WASHINGTON (Reuters) - Democrat Barack Obama emerged on Thursday from the latest campaign debate with aides insisting he can still catch front-runner Hillary Clinton and defending his decision not to go on the attack against her.
While former North Carolina Sen. John Edwards frequently pointed out differences with Clinton at a Wednesday night debate in Hanover, New Hampshire, Obama largely held his fire and stayed above the fray.
A top aide insisted afterward Obama had never intended to go into a more critical mode at the debate despite widespread anticipation that he would do so and reported concern from some of his donors that the Illinois senator needed a breakthrough performance to shake up the race for the White House in November 2008.
Obama campaign manager David Axelrod told reporters that Obama, who leads the Democratic race in raising money for his White House run, preferred to demonstrate a "common purpose to our politics rather than divisiveness and ... political point-scoring."
The debate appeared not to have changed the makeup of a campaign in which Clinton, a senator from New York, enjoys a comfortable lead in national polls and despite what her rivals called a tendency to dodge questions.
In New Hampshire in particular, a CNN/WMUR poll gave her a 23-point lead over Obama in that important early voting state, 43 percent to 20 percent, widened considerably from a nine-point margin of 36 percent to 27 percent in July.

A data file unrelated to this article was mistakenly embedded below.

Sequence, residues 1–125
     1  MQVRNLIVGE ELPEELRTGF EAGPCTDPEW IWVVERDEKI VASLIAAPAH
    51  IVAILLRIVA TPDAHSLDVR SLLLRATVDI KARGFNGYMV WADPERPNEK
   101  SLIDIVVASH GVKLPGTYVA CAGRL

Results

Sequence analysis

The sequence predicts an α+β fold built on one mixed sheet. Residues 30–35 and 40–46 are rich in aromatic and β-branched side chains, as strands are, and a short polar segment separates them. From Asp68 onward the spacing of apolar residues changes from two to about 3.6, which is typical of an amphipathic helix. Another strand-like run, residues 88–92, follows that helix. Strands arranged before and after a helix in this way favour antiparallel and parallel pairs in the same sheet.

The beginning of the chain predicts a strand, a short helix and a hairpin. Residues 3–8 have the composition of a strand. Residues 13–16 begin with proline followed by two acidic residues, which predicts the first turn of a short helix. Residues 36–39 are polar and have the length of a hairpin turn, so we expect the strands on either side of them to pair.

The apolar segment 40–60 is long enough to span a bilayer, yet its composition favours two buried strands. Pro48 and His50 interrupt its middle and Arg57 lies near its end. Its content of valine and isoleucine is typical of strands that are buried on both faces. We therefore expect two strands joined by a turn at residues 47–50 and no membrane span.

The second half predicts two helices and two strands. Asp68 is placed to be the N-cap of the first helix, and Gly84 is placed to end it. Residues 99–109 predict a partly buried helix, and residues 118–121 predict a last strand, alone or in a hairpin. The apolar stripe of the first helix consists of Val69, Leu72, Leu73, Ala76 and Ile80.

Axelrod said Obama was "on the schedule that we need to be on to do what we need to do."
"We've always viewed this process as a sequential process that begins in January in Iowa and moves on to New Hampshire and I'm perfectly willing to concede the lead to her in ... September and October," Axelrod said.
As an example that an early front-runner does not always last, Axelrod urged reporters to consider the case of former Vermont Gov. Howard Dean, who was leading the polls at this stage of the 2004 Democratic campaign and was defeated by Sen. John Kerry.
"She's the quasi-incumbent in this race," he said of Clinton. "She's 100 percent known. She's been in American politics for 20 years. She's been running for president in a de facto way for some time. So we have been catching up from the beginning, and we understand that this is a process."
The Clinton camp is happy to ride the lead that she has built.
"We went in the front-runner, we come out the front-runner. I think people are still wondering what really Obama's strategy is, but I don't think anything changed," said Mark Penn, a top Clinton strategist.
In what could provide grist for future debates, both the Obama team and that of Edwards said they felt Clinton was evasive on some crucial issues, such as how best to extend the solvency of the Social Security pension system for older Americans.
Edwards' wife, Elizabeth, said Clinton even dodged a question on who she preferred to win the World Series, the Chicago Cubs in her home state of Illinois or the New York Yankees in her adopted state.
"I'm a sports fan. I'm not for two teams," Mrs. Edwards said.
Both Obama and Edwards said clearly that raising Social Security taxes on wealthier Americans should be considered under any plan to save the system, while Clinton carefully avoided the issue, saying it would be part of any bipartisan negotiation.
Edwards is running a distant third in the polls while resting his hopes on winning the Iowa caucuses in January and using that to catapult him into a lead position. Edwards was sharply critical of Clinton's positions on both Iraq and Iran at the debate.
The Clinton camp was not impressed.
"No one laid a glove on her," said Clinton strategist Mandy Grunwald.